“A Climate for Conflict” tells the story of how climate change and environmental destruction are transforming Somalia, and the impossible choices people are forced to make to survive.
Featuring: Nichole Sobecki (with reporting by Laura Heaton)
The GroundTruth Project
This is the story of the mother who didn’t flee civil war but fled the drought. The fisherman pushed into piracy by empty nets in a depleted, lawless sea. The young farmer who felt the pull of the militant group Al Shabab when his crops failed for multiple seasons.
Climate change and environmental degradation are transforming Somalia, pushing people to desperate choices and violence. Somalis live and die depending on the amount of rain that falls each year. For generations, they have survived extreme conditions, relying on their traditions and community. A quarter century of civil war tested those ties and challenged their resiliency. But rain falls less now, and the temperatures are rising.
“With this weather pattern, Somalia or Somalis will not survive,” said Fatima Jibrell, an environmental activist. “Maybe the land, a piece of desert called ‘Somalia,’ will exist on the map of the world, but Somalis cannot survive.”
Through photography, rare archival imagery and a documentary short, “A Climate for Conflict” explores the environmental roots of conflict in Somalia, and the ways its woes spill beyond its place on the map.
Nichole Sobecki is a photographer and filmmaker based in Nairobi, Kenya, and is represented internationally by Panos Pictures. She began her career in Turkey, Lebanon and Syria, focusing on regional issues related to identity, conflict and human rights, before leading Agence France-Presse’s East Africa video bureau from 2012-2015. Nichole has completed assignments throughout Africa, the Middle East and Asia for Foreign Policy, The Wall Street Journal, The Washington Post, The New York Times Magazine and National Geographic, and her work has been exhibited internationally. She is a Climate Change Reporting Fellow with the GroundTruth Project.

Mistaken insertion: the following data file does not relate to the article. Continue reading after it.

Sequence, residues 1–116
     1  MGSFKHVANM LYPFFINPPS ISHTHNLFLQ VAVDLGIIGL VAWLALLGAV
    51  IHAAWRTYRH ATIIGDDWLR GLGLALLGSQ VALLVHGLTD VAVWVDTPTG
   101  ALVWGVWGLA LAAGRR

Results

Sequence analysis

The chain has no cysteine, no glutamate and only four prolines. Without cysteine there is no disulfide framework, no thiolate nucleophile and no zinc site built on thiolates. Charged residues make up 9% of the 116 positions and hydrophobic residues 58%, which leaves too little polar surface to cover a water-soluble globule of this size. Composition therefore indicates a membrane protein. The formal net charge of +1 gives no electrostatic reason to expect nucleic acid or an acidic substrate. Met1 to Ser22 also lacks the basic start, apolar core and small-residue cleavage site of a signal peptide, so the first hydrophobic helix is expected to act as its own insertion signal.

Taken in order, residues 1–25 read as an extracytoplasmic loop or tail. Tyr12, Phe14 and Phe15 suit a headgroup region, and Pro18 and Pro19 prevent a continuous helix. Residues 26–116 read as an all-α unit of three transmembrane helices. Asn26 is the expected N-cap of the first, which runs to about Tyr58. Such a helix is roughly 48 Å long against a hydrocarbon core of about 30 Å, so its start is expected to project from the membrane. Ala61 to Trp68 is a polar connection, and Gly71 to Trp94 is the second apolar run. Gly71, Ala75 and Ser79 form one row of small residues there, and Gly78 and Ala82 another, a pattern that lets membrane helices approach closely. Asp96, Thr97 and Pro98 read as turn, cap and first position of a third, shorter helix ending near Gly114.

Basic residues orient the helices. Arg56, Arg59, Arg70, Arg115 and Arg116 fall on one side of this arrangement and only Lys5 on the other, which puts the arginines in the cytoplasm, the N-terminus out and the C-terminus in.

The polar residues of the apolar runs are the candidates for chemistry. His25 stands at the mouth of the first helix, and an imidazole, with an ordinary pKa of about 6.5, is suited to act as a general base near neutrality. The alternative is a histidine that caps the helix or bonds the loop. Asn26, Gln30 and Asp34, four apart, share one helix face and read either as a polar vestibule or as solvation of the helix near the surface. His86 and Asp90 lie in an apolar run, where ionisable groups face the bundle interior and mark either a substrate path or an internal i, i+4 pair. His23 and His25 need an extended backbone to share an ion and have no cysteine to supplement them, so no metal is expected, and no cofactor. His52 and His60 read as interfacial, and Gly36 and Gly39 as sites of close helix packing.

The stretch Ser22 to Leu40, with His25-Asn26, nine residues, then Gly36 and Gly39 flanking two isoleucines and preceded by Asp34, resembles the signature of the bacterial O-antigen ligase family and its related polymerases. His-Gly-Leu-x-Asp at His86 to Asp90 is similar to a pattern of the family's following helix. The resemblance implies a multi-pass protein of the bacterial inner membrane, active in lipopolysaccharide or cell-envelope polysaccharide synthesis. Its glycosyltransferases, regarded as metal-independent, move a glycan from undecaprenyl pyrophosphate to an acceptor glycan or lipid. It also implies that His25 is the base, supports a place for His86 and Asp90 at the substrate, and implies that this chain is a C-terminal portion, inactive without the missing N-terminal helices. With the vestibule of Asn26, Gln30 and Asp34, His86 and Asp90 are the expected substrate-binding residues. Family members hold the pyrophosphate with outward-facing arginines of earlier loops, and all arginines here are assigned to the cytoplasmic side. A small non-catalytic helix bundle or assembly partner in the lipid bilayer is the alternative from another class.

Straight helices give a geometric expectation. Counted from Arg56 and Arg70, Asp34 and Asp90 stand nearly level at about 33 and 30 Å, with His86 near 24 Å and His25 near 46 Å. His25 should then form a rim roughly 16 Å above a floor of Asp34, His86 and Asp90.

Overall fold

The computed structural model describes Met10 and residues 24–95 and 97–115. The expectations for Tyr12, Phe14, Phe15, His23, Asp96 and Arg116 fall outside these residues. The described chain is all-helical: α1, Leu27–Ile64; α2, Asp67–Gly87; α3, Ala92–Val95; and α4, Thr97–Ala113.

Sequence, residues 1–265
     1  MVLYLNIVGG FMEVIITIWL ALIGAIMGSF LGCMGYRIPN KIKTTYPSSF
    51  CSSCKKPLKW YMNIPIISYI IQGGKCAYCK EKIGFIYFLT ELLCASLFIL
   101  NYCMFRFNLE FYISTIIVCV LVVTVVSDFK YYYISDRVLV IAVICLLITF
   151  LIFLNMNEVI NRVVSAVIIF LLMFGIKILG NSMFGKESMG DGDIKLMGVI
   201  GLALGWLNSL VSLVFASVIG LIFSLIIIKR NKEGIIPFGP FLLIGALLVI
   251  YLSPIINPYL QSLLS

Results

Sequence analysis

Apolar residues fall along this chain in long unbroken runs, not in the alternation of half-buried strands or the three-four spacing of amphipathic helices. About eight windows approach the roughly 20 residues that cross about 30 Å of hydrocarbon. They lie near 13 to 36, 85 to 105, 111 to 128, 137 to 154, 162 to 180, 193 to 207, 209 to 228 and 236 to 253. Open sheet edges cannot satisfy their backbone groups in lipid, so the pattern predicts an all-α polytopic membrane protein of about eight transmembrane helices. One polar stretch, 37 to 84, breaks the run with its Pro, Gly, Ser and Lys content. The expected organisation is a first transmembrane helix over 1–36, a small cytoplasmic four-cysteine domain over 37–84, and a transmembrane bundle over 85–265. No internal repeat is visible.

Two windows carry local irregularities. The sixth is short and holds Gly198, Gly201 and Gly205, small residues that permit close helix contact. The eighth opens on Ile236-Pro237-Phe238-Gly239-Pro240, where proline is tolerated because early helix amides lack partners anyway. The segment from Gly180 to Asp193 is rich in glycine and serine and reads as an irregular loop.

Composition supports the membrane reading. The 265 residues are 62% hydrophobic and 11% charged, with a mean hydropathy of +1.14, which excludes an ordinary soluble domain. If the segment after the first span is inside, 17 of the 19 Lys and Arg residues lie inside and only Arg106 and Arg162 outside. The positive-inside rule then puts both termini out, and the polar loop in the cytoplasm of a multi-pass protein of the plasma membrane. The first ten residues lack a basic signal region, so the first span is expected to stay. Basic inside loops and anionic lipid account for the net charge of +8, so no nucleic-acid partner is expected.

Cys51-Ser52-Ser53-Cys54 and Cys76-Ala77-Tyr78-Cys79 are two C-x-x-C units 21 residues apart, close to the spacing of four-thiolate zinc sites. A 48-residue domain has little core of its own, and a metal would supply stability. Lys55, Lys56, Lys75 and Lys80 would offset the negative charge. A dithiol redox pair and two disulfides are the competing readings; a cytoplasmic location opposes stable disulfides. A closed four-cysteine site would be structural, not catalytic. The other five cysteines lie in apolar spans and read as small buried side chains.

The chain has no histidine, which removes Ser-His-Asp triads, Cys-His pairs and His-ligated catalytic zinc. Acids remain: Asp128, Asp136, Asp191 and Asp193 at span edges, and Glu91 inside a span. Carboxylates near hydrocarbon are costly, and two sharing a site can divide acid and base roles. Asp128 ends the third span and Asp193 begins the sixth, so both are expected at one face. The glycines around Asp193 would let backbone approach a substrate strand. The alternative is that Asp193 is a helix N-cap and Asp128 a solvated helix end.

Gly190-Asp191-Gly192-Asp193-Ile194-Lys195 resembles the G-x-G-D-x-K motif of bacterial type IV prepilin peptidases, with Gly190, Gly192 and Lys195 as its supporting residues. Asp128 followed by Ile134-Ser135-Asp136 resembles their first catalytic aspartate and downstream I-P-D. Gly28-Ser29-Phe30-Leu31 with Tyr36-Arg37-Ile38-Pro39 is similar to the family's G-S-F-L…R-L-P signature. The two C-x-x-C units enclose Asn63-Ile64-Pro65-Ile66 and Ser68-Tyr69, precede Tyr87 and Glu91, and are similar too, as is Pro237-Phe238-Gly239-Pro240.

Laura Heaton is a writer and journalist based in Nairobi, Kenya. Her writing in East Africa over the past decade has focused primarily on conflict, human rights and women’s experiences in war. “The Watson Files,” her feature story for Foreign Policy Magazine (May/June 2017), retraces the steps of a British scientist working in Somalia in the 1980s, to see how the environment has changed after a quarter century of war. Laura’s reporting has appeared in The New York Times, National Public Radio, Newsweek and National Geographic. She is a Climate Change Reporting Fellow with the GroundTruth Project.
The GroundTruth Project is an independent, nonprofit media organization supporting a new generation of journalists to tell the most important stories of their generation. GroundTruth fellowships center on issues of social justice that matter for an increasingly interconnected world, including human rights, freedom of expression, emerging democracies, the environment, religious affairs and global health. “A Climate for Conflict” is part of GroundTruth’s immersive series “Living Proof: The Human Toll of Climate Change” that explores how the price of global warming is rising in unexpected, human ways. In the past year, GroundTruth has been recognized with a National Edward R. Murrow Award, an Alfred I. DuPont-Colombia University Award and an Overseas Press Club Award.
Prospekt Mira is a nonprofit organization comprised of creative academics and communications professionals who are passionate about sustainable development. Using research, we help organizations communicate what their projects are doing to help communities and individuals adapt to climate change around the world.